Saturday, July 07, 2012

Louisville, KY, Part Two: THE WEDDING

DSCF0076 The whole reason we went back to Louisville, was to attend my niece’s wedding (and to visit Mom and Bro, of course).  My brother, Jon’s, younger daughter (who is Sean’s age), Jennifer, was married on Saturday, June 30 to Josh. DSCF0057  The wedding took place in a restaurant located on the banks of the Ohio River, so the reception was held inside (in the air conditioning, thank goodness!).  They were married under a cabana outside next to the river in a short but beautiful ceremony. 

DSCF0050 The boys, Sean and Max, were seated at another table inside while Mom and I were in the Table One crowd with my brother and his wife, Julie. DSCF0051 The bride’s sister, Erin, flew in from CA and did one of the two toasts.  DSCF0062  It was good to see the sisters together! DSCF0070   There was a small dance floor but the music was pretty loud.  DSCF0067  But it was good to get the family together again:  DSCF0076 (L. to R.) Sean, Mom, Sue, Max and Jon.

Thursday, July 05, 2012


DSCF0046 We had a wonderful trip to Louisville (pronounced Loo-uh-vul), KY, this past weekend.  Because we did so much in such a short time, I’m splitting this report of the trip into more than one blog.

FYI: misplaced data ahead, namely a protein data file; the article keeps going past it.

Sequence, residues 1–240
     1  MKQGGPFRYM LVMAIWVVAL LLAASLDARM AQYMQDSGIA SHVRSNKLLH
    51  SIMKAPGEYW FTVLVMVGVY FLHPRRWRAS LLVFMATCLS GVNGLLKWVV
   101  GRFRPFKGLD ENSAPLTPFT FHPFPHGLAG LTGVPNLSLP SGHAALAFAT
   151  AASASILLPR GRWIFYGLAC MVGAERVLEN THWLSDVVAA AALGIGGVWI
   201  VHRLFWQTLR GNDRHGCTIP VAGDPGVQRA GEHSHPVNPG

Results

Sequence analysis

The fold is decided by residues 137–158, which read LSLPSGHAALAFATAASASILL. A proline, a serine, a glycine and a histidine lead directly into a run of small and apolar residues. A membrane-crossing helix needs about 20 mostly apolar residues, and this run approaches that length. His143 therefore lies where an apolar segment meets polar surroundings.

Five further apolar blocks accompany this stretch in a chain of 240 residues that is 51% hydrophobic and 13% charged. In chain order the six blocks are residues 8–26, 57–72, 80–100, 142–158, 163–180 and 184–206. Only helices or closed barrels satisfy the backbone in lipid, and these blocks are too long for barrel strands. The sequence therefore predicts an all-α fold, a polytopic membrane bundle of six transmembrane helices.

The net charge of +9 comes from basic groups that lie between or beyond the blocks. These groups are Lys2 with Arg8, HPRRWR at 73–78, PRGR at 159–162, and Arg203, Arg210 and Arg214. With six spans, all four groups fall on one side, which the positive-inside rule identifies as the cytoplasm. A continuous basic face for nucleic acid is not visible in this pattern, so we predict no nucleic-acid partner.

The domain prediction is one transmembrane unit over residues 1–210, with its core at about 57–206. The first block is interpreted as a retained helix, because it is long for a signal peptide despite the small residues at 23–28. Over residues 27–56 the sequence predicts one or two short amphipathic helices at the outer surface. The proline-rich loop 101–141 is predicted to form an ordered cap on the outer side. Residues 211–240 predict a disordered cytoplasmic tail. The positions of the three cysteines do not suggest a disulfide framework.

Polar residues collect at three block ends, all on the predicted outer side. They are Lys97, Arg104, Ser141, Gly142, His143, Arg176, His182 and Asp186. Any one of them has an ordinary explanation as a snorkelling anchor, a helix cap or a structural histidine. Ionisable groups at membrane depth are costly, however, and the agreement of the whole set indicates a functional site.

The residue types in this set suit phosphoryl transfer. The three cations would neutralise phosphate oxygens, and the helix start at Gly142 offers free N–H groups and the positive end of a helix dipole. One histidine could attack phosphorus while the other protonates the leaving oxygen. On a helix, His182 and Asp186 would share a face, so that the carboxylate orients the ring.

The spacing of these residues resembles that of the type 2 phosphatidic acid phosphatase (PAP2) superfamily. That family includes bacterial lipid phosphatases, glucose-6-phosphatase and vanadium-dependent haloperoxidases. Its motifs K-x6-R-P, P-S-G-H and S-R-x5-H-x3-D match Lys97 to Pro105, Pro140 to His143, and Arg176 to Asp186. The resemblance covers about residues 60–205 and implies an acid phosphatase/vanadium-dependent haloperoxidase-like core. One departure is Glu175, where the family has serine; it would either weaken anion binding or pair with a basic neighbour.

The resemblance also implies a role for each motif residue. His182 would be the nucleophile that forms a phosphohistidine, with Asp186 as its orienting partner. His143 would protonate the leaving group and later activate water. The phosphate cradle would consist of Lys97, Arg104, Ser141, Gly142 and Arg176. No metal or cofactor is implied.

The flights from CA to KY took a total of 5 hours and with waiting at the airport before and between flights, not to mention the 3 hours time change, made for a long day.  However, even the airports have interesting sites: DSCF0010 This “horn” statue was most intriguing.  I couldn’t resist photographing it DSCF0011  as Max ate his breakfast DSCF0012  (yes, that’s a sandwich he’s eating). 

DSCF0014 The highlight of our first full day in Louisville was the trip to Churchill Downs.  The museum there DSCF0045 was fabulous!  DSCF0021 Part of the guided tour was outside:  in the stands, DSCF0017_1 with a view of the track, DSCF0020 and the entrances to the track, DSCF0022 and the exits too.DSCF0023 In the grounds around the museum were several statues of famous horses, like Eight Belles, DSCF0025 one of the few fillies to win the Kentucky Derby.  (If you click on the picture, you can read the inscription.)  DSCF0026  All around the top edge of the museum walls were displayed all the horses to win the Kentucky Derby since the 1800’s! DSCF0024 We stopped at the restaurant inside for a marvelous lunch and I was amused by some of the quotes that adorned the walls:  DSCF0027_1  DSCF0027_2 Afterwards, we explored the rest of the museum: DSCF0028  DSCF0034  DSCF0042 (I apologize for the blurriness of this photo, but the inscription is quite interesting concerning Seattle Slew!)  We also dropped by the Bourbon Room (which is part of the Bourbon Trail) DSCF0037 and I was especially amused by this quote:  DSCF0039  All in all, it was an exciting trip!  DSCF0043

Stay tuned tomorrow for Part Two—the Wedding!